I've been calling this the "meh" economy for a long time – a mostly jobless recovery in the 1-2% GDP range which for many does not feel much different than a recession. Of course it is regional as the D.C. corridor, Manhattan, upper plains states and other areas feeling little of the effects (outside of Manhattan for a few quarters in 2008-2009). But a lot of course depends on where you are in the education strata, if you were a former (or current underwater) homeowner, what line of work you are in, etc. The Midwest actually has had some pickup here the past year as auto sales have rebounded from putrid to awful to simply bad. Unfortunately, this sector, like many others now require far few workers than even 10 years ago so when activity rebounds the labor market doesn't feel the same benefit as it once did.
Today's economic data continues the trend – slightly worse ADP employment, slightly worse weekly claims, and a revision downward in GDP below 2%. Funny how those revisions almost always are downward. So "meh" continues.
Treasuries dipped below 1.6% as we break another record and continue into a decade where it looks like rates will never be increased. [May 19, 2011: Prepare for a Rate Hike... in 2018. So Says Goldman Sachs] Equity futures were/are up for no good reason in particular other than I suppose no new headline out of Europe but Spanish yields are not improving measurably and the combination of Spanish, German, and U.S. yields all continue to point to risk off. Until we get our now yearly rescue/kick the can moment. Yada yada yada.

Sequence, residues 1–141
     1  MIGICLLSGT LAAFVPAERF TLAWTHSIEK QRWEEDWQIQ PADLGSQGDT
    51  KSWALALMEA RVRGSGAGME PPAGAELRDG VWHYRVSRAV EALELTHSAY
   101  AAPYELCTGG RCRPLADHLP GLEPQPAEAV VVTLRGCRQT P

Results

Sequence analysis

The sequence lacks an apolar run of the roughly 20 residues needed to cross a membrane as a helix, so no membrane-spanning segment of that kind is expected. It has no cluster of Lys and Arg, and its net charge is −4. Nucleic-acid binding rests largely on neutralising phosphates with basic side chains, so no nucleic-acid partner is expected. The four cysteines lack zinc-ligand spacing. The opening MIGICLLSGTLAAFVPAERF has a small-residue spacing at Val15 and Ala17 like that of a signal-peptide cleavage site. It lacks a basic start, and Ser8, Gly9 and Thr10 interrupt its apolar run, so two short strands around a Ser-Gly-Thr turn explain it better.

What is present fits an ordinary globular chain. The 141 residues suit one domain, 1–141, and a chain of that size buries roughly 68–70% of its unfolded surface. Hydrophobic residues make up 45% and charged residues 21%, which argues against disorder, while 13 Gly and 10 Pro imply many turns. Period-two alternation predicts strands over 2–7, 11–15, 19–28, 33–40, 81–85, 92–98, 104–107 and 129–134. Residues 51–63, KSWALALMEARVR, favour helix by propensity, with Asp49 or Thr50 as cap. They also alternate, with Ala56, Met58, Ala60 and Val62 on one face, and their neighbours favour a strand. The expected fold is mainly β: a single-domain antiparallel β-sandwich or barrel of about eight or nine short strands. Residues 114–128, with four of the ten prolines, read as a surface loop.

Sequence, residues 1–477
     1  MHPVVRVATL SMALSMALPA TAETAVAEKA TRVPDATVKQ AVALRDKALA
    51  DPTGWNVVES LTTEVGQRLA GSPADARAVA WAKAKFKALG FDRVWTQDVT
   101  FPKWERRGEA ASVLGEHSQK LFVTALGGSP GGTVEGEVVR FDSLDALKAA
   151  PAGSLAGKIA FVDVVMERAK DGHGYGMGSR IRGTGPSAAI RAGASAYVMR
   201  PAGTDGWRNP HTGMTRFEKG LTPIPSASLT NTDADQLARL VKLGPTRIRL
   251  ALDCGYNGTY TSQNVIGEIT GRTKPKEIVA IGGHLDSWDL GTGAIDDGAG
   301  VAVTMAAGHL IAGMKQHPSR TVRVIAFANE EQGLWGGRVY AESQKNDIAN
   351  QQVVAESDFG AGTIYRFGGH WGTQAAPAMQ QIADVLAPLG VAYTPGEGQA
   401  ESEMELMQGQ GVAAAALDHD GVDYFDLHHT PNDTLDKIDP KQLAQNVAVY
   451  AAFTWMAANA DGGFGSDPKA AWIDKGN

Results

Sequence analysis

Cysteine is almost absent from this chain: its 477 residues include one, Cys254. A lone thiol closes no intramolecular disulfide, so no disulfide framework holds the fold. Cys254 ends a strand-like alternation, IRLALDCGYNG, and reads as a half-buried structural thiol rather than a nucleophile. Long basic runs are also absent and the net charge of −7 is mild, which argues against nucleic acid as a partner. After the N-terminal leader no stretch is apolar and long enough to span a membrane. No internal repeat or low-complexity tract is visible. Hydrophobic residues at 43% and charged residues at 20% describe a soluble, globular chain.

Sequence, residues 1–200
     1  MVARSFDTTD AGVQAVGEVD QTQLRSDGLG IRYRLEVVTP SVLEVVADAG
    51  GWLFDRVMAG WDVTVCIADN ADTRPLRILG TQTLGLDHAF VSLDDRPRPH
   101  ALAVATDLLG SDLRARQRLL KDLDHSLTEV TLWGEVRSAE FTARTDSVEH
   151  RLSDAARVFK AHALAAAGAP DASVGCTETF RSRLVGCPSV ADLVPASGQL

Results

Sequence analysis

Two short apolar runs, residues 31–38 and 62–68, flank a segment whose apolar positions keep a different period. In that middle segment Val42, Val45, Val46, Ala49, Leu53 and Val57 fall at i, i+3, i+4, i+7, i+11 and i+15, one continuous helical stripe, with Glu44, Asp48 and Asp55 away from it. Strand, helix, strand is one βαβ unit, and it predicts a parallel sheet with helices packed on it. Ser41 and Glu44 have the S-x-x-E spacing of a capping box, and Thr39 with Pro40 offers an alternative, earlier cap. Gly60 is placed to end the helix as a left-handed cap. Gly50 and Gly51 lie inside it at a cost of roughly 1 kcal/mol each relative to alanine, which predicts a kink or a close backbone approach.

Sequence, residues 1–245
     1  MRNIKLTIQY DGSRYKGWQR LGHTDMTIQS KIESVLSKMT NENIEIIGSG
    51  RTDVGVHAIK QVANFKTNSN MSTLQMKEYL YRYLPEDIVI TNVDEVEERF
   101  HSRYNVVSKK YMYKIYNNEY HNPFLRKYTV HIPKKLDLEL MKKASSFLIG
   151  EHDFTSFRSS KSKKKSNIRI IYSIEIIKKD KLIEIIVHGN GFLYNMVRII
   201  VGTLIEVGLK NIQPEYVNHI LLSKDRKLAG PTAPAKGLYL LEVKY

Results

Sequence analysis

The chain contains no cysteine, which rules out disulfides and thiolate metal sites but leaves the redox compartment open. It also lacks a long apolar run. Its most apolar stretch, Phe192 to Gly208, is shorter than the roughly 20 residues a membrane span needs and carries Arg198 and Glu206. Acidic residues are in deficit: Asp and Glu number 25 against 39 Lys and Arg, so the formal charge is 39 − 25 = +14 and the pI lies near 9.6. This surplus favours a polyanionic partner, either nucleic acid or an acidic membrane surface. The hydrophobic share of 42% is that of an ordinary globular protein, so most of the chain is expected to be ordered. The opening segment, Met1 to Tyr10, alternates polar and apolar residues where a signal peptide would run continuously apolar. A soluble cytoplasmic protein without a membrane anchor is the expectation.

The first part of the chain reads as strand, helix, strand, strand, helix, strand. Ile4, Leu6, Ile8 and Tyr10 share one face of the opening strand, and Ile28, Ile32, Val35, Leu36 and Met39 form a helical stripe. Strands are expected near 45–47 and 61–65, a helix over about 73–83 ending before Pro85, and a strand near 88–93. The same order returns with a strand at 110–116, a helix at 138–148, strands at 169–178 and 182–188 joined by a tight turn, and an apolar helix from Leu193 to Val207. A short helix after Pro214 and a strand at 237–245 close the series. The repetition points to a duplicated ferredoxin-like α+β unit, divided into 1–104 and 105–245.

As for equity markets yesterday's losses wiped out all the "super cool" action of Tuesday – when we had hopes of Chinese stimuli and people pinning hopes on a random Greek poll. We continue to exist in a vacuum where most stocks trade together, and almost everything is inverse to U.S. Treasuries and the U.S. dollar. Barring a 6% rally today, it's going to be another "sell in May" notch in the belt, strangely the 3rd year in a row where we have had almost identical action. In a world of moral hazard everyone simply now waits around for central bankers to swoop in with the next program to "make this all go away" (at least for a few quarters).
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